Scottsboro by Ellen Feldman

Scottsboro by Ellen Feldman

Picador, New York, 2008

From my TBR stack.  On the short list for the 2009 Orange Prize.

It is difficult taking a piece of history and turning it to fiction.  Helen Feldman has done that by taking a racial motivated  event from 1930’s America and using it to create a powerful historical novel.

In 1931 nine black teens ranging in age from 12 to 19,  jump a train traveling from Tennessee to Alabama, end up in a brawl with some white men and are accused of raping two white women.  The arrests and subsequent trials of the Scottsboro Boys drew national attention.

Scottsboro is told in two voices.  One, Alice Whittier, a reporter from New York City sent to cover the initial trial, is a whip-smart, well-educated white women from New York City with a trust fund. Distanced from her family and involved in a sexual relationship with her boss she is thrilled to be offered the story.  The other, Ruby Bates, is one of the accusers, manipulated by her “friend” Victoria Price and considered “poor white trash” by members of her own community.

The case is a magnet for the national media and for the Communist Party who hope to recruit more members from the south.  The C.P. sends lawyers from International Labor Defense to stand as defense attorneys for the accused.

Knowing some of the history of this case, including the fact that the crimes did not occur, does not detract from Scottsboro.  Feldman includes many of the  actual participants in her novel, using quotes from articles, reports and interviews as epigraphs for each chapter.  She gives voice to the politicians, reporters,  lawyers and defendants.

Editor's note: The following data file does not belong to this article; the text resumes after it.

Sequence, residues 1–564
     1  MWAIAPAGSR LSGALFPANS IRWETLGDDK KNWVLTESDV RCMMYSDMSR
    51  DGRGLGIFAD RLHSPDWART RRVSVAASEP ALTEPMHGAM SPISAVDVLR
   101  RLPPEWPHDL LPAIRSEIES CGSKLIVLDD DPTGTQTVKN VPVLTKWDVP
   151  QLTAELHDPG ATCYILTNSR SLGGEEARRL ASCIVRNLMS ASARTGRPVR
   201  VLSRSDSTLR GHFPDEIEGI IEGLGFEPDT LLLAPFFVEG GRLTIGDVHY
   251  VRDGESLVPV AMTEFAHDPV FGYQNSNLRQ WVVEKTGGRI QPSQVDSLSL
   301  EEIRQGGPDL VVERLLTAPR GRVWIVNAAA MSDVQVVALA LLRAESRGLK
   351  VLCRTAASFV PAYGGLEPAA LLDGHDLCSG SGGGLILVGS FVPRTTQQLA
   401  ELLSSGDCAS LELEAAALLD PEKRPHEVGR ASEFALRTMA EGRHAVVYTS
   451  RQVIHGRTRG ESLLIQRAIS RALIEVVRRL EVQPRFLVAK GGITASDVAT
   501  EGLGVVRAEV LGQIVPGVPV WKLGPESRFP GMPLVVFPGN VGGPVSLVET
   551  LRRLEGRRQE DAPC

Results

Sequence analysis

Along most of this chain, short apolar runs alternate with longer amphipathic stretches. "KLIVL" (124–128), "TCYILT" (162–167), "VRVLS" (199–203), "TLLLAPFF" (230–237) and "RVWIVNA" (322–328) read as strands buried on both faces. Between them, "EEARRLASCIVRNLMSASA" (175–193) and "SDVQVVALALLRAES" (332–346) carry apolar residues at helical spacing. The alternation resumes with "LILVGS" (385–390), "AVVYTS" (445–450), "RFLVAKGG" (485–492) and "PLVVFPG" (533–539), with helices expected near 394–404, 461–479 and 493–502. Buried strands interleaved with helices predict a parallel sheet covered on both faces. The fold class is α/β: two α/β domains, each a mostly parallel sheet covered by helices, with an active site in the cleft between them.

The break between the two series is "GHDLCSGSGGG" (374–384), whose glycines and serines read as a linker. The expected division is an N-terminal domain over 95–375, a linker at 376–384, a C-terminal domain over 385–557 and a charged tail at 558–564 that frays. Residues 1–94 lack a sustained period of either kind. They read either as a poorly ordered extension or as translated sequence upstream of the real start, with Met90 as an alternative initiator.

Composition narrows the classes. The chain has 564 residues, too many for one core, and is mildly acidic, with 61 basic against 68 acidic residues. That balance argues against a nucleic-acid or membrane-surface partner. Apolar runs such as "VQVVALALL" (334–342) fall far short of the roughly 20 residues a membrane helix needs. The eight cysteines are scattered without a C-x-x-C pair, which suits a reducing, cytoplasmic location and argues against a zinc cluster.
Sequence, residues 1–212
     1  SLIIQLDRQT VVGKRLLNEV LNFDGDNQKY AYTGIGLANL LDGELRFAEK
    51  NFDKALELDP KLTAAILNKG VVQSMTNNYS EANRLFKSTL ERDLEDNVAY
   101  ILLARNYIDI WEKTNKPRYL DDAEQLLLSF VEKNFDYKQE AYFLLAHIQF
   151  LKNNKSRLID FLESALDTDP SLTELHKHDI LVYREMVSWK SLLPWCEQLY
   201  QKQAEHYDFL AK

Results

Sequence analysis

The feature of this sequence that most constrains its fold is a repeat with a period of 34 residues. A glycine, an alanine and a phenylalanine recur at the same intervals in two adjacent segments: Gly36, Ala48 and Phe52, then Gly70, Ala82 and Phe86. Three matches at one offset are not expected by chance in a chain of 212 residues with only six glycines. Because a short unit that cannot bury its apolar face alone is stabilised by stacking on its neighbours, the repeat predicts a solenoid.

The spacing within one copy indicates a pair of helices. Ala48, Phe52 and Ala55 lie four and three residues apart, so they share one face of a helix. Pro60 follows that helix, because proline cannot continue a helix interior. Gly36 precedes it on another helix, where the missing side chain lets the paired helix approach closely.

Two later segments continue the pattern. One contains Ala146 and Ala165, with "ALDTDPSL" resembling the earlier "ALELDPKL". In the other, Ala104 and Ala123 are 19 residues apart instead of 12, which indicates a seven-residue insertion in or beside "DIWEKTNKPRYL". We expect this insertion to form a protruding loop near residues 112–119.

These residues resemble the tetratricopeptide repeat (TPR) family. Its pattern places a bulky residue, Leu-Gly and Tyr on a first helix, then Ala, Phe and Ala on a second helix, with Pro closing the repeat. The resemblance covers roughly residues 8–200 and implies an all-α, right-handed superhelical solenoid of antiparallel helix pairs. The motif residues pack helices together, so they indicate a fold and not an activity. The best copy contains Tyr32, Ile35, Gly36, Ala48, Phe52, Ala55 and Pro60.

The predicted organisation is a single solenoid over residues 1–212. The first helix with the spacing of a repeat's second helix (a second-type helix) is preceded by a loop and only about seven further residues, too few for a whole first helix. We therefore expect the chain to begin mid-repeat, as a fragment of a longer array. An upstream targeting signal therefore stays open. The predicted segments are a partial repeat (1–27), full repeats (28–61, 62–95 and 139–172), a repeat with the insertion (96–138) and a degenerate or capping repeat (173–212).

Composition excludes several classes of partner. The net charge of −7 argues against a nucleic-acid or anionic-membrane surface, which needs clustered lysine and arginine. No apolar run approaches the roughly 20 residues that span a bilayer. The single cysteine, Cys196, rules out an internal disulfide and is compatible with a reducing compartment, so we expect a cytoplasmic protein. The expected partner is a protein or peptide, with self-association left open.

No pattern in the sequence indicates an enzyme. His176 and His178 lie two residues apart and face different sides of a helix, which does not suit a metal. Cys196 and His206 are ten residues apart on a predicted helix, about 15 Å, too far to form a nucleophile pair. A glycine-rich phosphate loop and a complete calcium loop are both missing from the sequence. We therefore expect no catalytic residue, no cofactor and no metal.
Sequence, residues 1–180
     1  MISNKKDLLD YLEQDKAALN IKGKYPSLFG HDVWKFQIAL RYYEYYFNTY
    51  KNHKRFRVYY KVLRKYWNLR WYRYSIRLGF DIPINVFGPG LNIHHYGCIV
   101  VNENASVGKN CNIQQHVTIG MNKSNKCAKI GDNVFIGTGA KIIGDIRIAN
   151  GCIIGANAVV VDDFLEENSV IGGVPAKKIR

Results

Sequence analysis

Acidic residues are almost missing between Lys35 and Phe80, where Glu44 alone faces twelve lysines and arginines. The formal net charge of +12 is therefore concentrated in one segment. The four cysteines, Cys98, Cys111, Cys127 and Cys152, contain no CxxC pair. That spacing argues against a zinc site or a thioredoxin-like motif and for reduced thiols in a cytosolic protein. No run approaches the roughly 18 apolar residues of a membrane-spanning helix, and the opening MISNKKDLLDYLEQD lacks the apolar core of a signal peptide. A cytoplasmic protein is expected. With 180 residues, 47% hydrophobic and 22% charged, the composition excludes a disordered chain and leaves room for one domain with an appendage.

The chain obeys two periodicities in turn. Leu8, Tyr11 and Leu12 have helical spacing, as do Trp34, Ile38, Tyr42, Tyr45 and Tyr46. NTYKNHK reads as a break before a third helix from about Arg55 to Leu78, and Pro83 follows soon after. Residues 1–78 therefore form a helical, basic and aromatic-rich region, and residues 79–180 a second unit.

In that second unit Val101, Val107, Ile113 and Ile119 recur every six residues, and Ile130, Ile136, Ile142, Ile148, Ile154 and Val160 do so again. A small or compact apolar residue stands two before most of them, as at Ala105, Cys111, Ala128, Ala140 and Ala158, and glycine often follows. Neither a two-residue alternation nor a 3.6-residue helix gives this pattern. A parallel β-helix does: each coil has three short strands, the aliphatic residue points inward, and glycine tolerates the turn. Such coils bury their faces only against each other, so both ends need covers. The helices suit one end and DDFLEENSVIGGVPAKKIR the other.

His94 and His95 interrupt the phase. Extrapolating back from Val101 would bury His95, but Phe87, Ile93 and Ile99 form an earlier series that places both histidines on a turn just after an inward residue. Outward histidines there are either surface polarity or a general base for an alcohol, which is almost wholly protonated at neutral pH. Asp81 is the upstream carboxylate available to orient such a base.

Ruby and Alice are central to Scottsboro but historical elements of the 30’s America add strength to the novel.  The descriptions of Jim Crow lynchings,  prison environments , the rampant racism, anti-Semitism and sexism pervasive throughout the country and the political maneuvering by the courts, the government and the Communist party are woven throughout and, for me, add to the sense of historical truth.

Feldman also includes other pieces of 1930’s American  history.  The depression, Eleanor and Franklin Roosevelt, Hooverville and The Bonus Army all have a place here.  Alice tells the story from the future, reflecting on all that has happened to the country, to the 9 defendants, to Ruby and in her own life since that fateful train ride from Chattanooga.

I enjoyed this novel and would like to read more about Scottsboro, including  Remembering Scottsboro by James A. Miller and Stories of Scottsboro by James E. Goodman.

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3 Comments

Filed under Historical Fiction, OrangePrize, Review, TBR Double Dare

3 responses to “Scottsboro by Ellen Feldman

  1. I did like this one at time and never got to it gavin may see if library has it ,all the best stu

  2. I loved this one! I didn’t know much about the Scottsboro case before I read it, but I became quite interested in it and would love to see the musical of it sometime. I also thoroughly enjoyed Feldman’s most recent novel, Next to Love, and plan to read the rest of her backlist this year!

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